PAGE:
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The International Writers Magazine: YA Review

The Masque of the Red Death by Bethany Griffin
Indigo Books
ISBN: 978 – 1-78062-122-7
• Marcel D'Agneau
Young April (relative to the Prince Prospero who controls the city) and Araby Worth, (father the Chief Biochemist) are two girls who do what many teen girls dream of – night after night attend the Debauchery Club where anything is possible - drugs - sex- dancing. They attend in risque clothes that leave nothing to the imagination and never seem to get bored.

April tries everything, she’s a cynically manipulative spoiled brat who gets her own way. Araby plays safe and seems to only pretend to have a good time. Araby is April’s neighbour in the last remaining ‘safe’ tower where the rich abide.  They live in a city ravaged by a deadly virus that has killed millions. Anarchy reigns.  Araby’s father has invented a masque that will stop the virus in its tracks, but only the rich can afford it. At any day you could die and the girls are playing with fire as they cross the city in their luxury steam carriages at risk of being attacked.
            April is desperate for Araby to meet her brother Elliot, but Araby is more interested in Will, a tattooed dealer at the club.  When the brother does meet her, one is not sure of his sincerity.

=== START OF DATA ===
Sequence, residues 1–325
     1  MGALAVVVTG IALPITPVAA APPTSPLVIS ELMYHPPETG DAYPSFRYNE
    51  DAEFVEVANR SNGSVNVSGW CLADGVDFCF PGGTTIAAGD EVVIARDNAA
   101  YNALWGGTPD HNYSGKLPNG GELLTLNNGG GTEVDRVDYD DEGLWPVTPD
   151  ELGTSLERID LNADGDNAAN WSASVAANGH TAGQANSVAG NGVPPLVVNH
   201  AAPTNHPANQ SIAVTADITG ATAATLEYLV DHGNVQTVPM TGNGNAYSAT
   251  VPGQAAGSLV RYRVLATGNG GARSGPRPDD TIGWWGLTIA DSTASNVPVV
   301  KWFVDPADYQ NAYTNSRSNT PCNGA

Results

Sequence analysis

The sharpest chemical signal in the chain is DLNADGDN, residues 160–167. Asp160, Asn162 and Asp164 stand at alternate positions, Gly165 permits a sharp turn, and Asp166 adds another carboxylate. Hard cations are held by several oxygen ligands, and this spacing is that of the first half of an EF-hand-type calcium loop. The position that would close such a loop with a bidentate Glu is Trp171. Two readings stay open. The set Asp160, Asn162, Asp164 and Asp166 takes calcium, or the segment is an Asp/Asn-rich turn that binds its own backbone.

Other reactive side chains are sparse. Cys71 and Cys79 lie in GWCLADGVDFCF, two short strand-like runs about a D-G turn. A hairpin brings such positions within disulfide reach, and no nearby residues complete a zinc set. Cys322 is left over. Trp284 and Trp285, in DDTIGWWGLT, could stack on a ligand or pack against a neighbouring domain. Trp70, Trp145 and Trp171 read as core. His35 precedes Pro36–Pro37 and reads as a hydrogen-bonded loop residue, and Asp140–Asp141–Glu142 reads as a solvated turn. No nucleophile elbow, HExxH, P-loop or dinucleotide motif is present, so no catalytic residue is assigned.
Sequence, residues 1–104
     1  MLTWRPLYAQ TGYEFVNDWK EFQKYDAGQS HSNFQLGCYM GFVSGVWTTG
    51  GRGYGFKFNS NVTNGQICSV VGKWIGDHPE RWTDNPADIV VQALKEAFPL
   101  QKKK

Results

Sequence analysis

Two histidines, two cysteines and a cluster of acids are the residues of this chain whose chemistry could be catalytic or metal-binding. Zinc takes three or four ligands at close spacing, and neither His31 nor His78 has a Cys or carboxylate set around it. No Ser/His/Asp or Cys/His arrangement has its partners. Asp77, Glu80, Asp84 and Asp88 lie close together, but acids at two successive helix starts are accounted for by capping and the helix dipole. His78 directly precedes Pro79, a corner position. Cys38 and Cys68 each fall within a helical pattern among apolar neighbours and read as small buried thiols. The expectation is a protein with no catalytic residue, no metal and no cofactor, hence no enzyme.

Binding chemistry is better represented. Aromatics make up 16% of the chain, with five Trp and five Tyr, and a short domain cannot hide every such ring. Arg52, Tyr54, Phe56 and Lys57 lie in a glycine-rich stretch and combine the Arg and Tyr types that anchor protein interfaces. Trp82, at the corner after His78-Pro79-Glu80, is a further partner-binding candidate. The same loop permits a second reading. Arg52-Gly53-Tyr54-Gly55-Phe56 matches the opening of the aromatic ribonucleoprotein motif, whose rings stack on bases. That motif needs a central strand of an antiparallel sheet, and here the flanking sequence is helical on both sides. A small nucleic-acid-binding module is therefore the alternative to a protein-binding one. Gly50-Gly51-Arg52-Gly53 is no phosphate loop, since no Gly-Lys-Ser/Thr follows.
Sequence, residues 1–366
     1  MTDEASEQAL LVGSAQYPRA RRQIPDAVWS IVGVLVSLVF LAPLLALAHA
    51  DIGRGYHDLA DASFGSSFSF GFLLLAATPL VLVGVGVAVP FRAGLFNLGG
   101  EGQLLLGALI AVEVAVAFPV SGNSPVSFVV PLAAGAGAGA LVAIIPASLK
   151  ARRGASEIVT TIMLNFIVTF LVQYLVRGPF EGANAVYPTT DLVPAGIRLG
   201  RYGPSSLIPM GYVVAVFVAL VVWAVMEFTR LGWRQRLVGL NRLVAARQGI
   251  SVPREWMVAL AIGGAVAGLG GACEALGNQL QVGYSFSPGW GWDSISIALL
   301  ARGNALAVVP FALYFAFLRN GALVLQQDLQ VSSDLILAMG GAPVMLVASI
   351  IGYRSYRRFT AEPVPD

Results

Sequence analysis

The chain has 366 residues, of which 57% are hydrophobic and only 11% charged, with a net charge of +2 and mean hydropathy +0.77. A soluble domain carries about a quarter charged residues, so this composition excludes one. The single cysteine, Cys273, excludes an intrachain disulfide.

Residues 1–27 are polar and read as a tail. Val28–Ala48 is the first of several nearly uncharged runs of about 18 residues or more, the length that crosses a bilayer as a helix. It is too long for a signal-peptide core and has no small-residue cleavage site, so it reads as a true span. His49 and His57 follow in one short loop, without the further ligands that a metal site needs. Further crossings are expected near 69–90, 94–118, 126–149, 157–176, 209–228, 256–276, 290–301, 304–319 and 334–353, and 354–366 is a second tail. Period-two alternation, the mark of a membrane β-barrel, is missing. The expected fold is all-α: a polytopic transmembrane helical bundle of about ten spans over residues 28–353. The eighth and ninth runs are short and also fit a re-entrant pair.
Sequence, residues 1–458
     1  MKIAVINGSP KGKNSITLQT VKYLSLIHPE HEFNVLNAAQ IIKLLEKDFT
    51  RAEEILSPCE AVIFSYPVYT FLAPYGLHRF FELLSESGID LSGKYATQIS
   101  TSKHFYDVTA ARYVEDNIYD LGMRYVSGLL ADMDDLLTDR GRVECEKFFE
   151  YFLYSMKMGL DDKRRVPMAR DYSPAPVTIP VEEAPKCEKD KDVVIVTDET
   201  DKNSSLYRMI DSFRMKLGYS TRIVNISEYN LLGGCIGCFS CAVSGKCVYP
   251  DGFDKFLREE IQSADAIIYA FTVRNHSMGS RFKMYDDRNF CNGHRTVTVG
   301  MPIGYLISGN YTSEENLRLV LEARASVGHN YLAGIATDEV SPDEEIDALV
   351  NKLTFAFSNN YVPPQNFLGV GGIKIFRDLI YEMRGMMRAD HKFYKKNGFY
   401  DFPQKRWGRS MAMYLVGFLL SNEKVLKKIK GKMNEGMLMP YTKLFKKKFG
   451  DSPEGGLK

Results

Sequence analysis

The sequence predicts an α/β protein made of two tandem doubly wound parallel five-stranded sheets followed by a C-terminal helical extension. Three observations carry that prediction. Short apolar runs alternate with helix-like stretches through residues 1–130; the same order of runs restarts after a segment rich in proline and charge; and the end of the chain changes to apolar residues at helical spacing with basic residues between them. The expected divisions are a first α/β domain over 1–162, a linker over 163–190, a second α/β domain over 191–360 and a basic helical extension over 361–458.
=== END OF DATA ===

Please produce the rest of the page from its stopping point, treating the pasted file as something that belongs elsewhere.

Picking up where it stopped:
Behind all this is a seething rebellion against the Prince’s control led by an unseen religious man.  Worse, there is a rumour of a second disease sweeping the city.
            The story is set in a nameless city in a nameless world and to be honest Araby is almost as foolish as April.  They take stupid risks and there is little attempt to colour in how the rest of the population are surviving or what their hopes and aspirations are.  The story might take its cues from Victorian London and Egar Allen Poe detailing the steep divide between the poor and rich; but then why not read Dickens or Poe?  It would be more rewarding.
            The Masque of the Red Death is a pastiche of steampunk in a fake dystopian world with vapid characters whose destiny is hard to care about.
© M. D'Agneau July 2013

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